# Volume comparison on Grassmannian

Let $$G(r,n-r)$$ be the Grassmannian, which can be identified with the space of all rank $$r$$ projection matrices in $$\mathbb{R}^n$$. Let $$\mu$$ be the uniform measure on $$G(r,n-r)$$. For any $$\lambda_1,...\lambda_r>0$$ and $$\sum_{i=1}^r\lambda_i=1$$, we can define a Pseudo distance metric $$d_\Lambda$$ on $$G(r,n-r)$$: $$d_\Lambda(P,Q)=\sqrt{trace\left\{(P-Q)\Lambda(P-Q)\right\}}$$ where $$\Lambda=diag\{\lambda_1,...,\lambda_r,0,0,...,0\}$$

Define the Balls in $$G(r,n-r)$$ centered at $$I_{r,n-r}$$ with respect to $$d_\Lambda$$ with radius $$a$$ as: $$B_a(\Lambda)=\{P\in G(r,n-r): d_\Lambda(P,I_{r,n-r})\leq a\}$$ where $$I_{r,n-r}$$ is the diagonal matrix putting $$r$$ 1s on the upper left corner and $$n-r$$ 0s on the bottom right corner. Note that $$d_\Lambda(P,I_{r,n-r})=0$$ implies $$P=I_{r,n-r}$$.

I'm trying to prove the following conjecture: for any $$1>a>b>0, a/b>100$$, there exists a constant $$C>0$$, independent of $$\Lambda$$, such that $$\frac{\mu(B_a(\Lambda))}{\mu(B_b(\Lambda))}\leq\left(\frac{Ca}{b}\right)^{r(n-r)}$$

I'm trying to find a way to use Bishop-Gromov inequality. However, $$d_\Lambda$$ is not the geodesic distance metric. This is the tricky part. If we upper bound the nominator and lower bound the denominator separately by geodesic balls on the Grassmannian, the constant $$C$$ will depend on $$\Lambda$$, which is not desirable. This is like bounding the volume ratio of ellipsoids, the ratio should not depend on the length of axis.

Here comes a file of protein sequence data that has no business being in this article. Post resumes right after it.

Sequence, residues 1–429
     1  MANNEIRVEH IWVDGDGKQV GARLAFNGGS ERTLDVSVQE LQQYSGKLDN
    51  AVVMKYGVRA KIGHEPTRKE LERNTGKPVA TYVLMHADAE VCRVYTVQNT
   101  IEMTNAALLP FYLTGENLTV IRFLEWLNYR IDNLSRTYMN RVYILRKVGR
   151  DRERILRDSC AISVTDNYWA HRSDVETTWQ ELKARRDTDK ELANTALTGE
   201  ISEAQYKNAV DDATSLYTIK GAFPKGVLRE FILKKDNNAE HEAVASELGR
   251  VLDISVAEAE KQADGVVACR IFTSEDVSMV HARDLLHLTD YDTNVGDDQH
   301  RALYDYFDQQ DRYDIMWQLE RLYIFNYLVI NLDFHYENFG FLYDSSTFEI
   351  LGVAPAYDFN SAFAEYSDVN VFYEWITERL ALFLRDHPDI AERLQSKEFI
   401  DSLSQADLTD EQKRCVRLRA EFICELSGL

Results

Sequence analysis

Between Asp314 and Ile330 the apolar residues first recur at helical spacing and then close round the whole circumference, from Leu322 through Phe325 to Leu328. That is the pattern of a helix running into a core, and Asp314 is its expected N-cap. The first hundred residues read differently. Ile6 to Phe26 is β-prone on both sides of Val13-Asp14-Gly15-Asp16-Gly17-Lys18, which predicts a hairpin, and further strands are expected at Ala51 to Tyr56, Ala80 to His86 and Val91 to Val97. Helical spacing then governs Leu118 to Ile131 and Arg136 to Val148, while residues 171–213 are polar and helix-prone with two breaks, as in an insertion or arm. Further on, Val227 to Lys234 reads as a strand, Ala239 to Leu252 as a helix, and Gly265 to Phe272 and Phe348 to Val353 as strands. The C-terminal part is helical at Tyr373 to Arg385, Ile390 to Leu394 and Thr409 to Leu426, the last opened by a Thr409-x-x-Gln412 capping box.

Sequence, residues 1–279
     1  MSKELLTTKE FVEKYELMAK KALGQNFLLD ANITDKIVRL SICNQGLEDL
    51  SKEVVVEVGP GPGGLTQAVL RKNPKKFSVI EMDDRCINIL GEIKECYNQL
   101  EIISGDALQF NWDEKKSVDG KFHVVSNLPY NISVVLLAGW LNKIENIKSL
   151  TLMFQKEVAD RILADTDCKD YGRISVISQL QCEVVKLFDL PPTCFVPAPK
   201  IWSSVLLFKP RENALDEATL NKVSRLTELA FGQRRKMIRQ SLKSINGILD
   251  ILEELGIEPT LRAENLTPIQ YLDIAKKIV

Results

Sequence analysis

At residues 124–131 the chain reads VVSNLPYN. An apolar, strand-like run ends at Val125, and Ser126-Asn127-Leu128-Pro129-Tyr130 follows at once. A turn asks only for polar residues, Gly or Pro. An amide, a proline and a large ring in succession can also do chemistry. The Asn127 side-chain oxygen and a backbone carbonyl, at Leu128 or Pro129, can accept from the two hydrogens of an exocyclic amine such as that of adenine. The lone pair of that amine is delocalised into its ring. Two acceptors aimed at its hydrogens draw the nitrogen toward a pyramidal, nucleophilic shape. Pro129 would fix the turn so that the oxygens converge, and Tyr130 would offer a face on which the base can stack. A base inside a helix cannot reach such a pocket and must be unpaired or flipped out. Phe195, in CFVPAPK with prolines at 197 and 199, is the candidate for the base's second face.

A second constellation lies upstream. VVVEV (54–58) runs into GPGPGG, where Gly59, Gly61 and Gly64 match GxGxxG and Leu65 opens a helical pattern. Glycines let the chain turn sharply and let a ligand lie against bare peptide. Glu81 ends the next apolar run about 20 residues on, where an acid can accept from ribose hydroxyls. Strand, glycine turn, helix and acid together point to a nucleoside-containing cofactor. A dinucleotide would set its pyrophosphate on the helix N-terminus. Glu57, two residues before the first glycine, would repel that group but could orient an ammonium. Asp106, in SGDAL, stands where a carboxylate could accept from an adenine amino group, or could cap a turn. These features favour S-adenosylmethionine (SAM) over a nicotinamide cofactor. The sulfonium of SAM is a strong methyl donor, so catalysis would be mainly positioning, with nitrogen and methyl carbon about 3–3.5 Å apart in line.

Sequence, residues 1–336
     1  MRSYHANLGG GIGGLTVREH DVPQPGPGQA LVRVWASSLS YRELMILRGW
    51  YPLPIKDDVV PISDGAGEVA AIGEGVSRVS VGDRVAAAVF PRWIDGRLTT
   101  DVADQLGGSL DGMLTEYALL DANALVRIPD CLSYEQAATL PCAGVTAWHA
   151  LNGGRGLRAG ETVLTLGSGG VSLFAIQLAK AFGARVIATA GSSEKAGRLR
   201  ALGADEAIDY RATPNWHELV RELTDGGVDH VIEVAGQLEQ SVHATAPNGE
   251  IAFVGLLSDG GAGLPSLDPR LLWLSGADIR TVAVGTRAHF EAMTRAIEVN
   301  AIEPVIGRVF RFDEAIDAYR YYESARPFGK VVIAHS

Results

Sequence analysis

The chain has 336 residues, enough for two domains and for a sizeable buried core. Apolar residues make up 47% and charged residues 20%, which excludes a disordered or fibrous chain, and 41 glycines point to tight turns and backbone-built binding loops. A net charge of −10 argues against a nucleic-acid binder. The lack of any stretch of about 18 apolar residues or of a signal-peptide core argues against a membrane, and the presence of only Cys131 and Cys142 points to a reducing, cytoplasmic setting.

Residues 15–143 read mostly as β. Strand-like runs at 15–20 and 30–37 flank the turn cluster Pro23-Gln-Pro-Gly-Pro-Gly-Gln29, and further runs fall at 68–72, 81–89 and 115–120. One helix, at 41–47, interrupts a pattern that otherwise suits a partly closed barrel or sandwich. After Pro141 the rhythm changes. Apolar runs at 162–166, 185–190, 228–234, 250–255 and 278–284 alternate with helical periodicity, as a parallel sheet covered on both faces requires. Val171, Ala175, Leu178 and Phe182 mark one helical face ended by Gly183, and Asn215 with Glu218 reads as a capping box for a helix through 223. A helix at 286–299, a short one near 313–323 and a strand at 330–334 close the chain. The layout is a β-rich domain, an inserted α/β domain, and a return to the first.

Update: I have a very naive idea and do not know if it will lead to anything (with high probability nothing, I'm really new to this field). Construct n dimensional diagonal matrix $$\tilde{\Lambda}=diag\{\lambda_1,...,\lambda_r,b^2/r,...,b^2/r\}$$. This defines a new metric on the space of all symmetric matrices: $$=trace(A\tilde{\Lambda}B)$$. Let $$\tilde{\mu}$$ be the new volume measure on the Grassmannian with metric induced from the new metric defined above. Then: $$\frac{\mu(B_a(\Lambda))}{\mu(B_b(\Lambda))}\leq\frac{\mu(B_{a+b}(\tilde{\Lambda}))}{\mu(B_b(\tilde{\Lambda}))}\leq\frac{\mu(B_{1.01a}(\tilde{\Lambda}))}{\mu(B_b(\tilde{\Lambda}))}$$ Now the questions is to relate $$\mu$$ with $$\tilde{\mu}$$ and relate $$B_{1.01a}(\tilde{\Lambda}),B_b(\tilde{\Lambda})$$ with the geodesic ball on the Grassmannian with the newly defined metric. Then we can apply Bishop-Gromov. However, I do not know if this is doable...

$$\DeclareMathOperator{\Gr}{Gr}$$ It is convenient to identify $$G(r,n-r)$$ with the space $$\newcommand{\bR}{\mathbb{R}}$$ $$\Gr_r(\bR^n)$$ of $$r$$-dimensional subspaces of $$\bR^n$$ via the map $$\Gr_r(\bR^n)\ni L\mapsto P_L \in G(r,n-r),$$ where $$P_L$$ is the orthogonal projection on $$L$$. The operator $$I_{r,n-r}$$ corresponds to the subspace $$L_0=\bR^r\oplus 0\subset \bR^n$$.

Denote by $$\newcommand{\eO}{\mathscr{O}}$$ $$\eO$$ the open subset of $$\Gr_r(\bR^n)$$ consisting of subspaces that intersect $$L_0^\perp=0\oplus \bR^{n-r}$$ transversally. $$\DeclareMathOperator{\Hom}{Hom}$$ The open set $$\eO$$ can be identified with $$\Hom(\bR^r,\bR^{n-r})$$ via the graph map $$\Hom(\bR^r, \bR^{n-r})\ni S\mapsto \Gamma_S\in \eO,$$ $$\Gamma_S=\big\{(x,Sx)\in\bR^r\times \bR^{n-r}:\;\;x\in\bR^r\big\}.$$ We think of matrices $$S\in\Hom(\bR^r,\bR^{n-r})$$ as defining coordinates on $$\eO$$

Using the decomposition $$\bR^n=\bR^r\times\bR^{n-r}$$ we can describe an $$n\times n$$ matrix $$X$$in blocks $$X=\left[ \begin{array}{cc} A & B\\ C & D \end{array} \right],$$ where $$A$$ is $$r\times r$$, $$D$$ is $$(n-r)\times (n-r)$$ etc.